Thursday, April 24, 2014

More Nesting Red-tailed Hawk Updates

Since my posting about our Brooklyn's nesting Red-tailed Hawks here, I received a couple of updates.

Bobby Horvath of WINORR wrote to me regarding my question about red-tails nesting in Fort Greene Park:


From: Bobby
Subject: Fort Greene Park
Date: April 19, 2014 12:41:38 PM EDT

Hi Rob,

I just read your post and have some information for you. I do not know about this or last year for sure but 3 years ago there was a confirmed pair with a single offspring. I rescued the early fledged baby after it left the park on its own and was discovered sitting for hours on the stoop of a brownstone directly across the street from the park on Washington Park Ave. Park Rangers had been monitoring the nest in a huge tree at the top of the hill in the middle of the park directly across from the monument. A few days before we got the fledgling the rangers picked up a sick adult male red-tail in the park. Unfortunately it died the next day from a severe case of frounce. They never saw any other adult return to the nest so after a few days I guess of no food the youngster jumped out rather than sit there and starve to death, as any orphaned baby bird will do once hungry. He was very underweight when we rescued him but months later he was released in Prospect Park along with Urban Park Rangers. I will try to find out more about the possibility of a new pair there and pass along any news if I get any.



I also receive an email and photo from Pam Langford regarding the Brooklyn Botanic Garden hawks.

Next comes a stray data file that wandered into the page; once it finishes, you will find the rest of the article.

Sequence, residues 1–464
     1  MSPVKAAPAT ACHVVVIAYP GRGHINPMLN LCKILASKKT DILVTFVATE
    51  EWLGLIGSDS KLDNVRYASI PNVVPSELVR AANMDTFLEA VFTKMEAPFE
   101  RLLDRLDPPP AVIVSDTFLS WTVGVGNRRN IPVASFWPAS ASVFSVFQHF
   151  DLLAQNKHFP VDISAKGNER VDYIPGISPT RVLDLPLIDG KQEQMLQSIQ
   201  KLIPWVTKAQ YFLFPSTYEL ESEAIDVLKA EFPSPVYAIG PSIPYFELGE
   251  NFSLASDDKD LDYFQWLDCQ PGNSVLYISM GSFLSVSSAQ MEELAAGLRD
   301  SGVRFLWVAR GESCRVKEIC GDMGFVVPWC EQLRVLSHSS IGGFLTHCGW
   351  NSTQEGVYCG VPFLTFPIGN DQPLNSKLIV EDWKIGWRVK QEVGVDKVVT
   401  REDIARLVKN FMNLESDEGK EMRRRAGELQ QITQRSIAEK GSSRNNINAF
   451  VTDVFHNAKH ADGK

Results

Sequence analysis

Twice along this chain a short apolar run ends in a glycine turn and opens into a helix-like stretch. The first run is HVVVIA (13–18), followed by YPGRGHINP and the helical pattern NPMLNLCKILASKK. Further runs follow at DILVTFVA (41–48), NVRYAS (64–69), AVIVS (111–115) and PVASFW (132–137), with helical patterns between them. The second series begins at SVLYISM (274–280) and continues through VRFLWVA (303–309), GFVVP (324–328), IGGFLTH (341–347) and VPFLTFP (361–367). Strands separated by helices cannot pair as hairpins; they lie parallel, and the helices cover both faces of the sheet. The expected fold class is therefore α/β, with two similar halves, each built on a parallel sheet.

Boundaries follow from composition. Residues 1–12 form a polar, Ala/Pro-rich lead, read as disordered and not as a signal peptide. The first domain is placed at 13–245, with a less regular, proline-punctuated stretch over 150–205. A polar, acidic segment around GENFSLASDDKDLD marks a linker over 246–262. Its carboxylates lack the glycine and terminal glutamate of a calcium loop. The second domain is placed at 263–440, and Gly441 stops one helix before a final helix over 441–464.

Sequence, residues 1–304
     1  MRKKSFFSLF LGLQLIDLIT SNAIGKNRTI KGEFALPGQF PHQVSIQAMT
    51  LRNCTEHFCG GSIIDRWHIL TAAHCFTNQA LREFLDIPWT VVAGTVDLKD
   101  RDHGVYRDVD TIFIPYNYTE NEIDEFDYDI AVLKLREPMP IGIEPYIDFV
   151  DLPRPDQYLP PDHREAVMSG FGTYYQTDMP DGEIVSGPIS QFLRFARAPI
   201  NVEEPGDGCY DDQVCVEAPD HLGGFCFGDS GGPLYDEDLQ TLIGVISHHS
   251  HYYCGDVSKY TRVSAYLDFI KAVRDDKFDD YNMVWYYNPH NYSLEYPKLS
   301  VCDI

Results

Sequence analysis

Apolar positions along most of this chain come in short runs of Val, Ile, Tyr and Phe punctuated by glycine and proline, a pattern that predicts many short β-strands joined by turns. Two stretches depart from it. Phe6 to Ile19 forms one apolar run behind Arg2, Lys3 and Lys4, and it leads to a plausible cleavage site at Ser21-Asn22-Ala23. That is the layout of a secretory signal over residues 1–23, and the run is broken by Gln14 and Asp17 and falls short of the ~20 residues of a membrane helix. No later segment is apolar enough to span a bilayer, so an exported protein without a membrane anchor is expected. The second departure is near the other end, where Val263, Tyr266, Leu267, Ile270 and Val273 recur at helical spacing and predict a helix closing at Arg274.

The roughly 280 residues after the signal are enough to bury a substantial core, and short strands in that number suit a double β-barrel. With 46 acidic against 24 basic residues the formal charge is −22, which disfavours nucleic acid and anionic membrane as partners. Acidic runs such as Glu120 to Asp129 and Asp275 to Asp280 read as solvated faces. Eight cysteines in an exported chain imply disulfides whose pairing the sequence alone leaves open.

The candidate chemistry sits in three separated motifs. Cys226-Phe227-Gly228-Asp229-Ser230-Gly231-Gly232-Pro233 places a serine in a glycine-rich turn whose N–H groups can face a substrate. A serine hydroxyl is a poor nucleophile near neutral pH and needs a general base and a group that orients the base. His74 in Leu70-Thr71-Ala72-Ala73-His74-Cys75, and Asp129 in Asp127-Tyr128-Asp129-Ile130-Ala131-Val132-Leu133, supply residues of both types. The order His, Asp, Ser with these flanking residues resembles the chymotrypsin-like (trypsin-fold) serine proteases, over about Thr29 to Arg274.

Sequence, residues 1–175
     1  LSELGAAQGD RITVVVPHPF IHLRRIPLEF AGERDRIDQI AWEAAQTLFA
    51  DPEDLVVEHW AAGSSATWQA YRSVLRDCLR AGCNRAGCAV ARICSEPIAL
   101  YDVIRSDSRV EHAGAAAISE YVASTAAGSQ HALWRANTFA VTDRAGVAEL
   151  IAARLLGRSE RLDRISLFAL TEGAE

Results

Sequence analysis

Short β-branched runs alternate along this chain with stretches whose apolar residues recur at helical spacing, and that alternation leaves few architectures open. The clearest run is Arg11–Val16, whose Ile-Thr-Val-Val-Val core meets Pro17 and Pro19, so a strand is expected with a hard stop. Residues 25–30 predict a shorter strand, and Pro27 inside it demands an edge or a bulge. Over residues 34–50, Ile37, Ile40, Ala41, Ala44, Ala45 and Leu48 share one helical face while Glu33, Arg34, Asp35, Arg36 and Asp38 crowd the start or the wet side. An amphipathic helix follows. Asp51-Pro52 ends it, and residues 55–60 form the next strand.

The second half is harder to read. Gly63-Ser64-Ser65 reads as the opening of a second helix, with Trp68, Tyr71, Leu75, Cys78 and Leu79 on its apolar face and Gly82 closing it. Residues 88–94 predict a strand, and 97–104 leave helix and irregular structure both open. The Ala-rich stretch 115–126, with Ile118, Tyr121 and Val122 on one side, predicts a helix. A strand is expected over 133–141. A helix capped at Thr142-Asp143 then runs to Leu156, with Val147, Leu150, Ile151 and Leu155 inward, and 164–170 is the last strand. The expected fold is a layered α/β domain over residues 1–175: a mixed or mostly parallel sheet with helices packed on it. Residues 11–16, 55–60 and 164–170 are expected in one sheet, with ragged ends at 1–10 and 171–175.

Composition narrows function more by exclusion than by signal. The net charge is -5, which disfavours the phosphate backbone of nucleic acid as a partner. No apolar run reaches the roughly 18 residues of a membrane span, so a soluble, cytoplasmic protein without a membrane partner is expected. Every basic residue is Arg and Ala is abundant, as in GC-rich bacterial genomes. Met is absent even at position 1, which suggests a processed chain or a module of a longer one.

From: Pamela Langford
Subject: Brooklyn Botanic Garden hawks
Date: April 22, 2014 7:28:00 PM EDT

Rob:

The BBG red-tailed hawk pair appears to be nesting in the Japanese  garden. Today my friend Jan Kraus and I spotted a hawk flying into a pine tree near the entrance to the Japanese garden (by the cherry esplanade).  It's not easy to see, but after watching a while we saw a hawk in the nest, and later there was a swap when a second hawk arrived and the hawk on the nest flew away.   No way to know how far along things are, but the pair appears to be attending either eggs or youngsters.

There is a nest of some sort near last year's nest tree by the BMA parking lot, but it is not very big.  Perhaps they built two nests this year?  In any case, I am hoping for another delightful summer with fledglings in the botanic garden.

Best,

Pam



Here's to hoping that our local raptors have a successful, trauma free breeding season.

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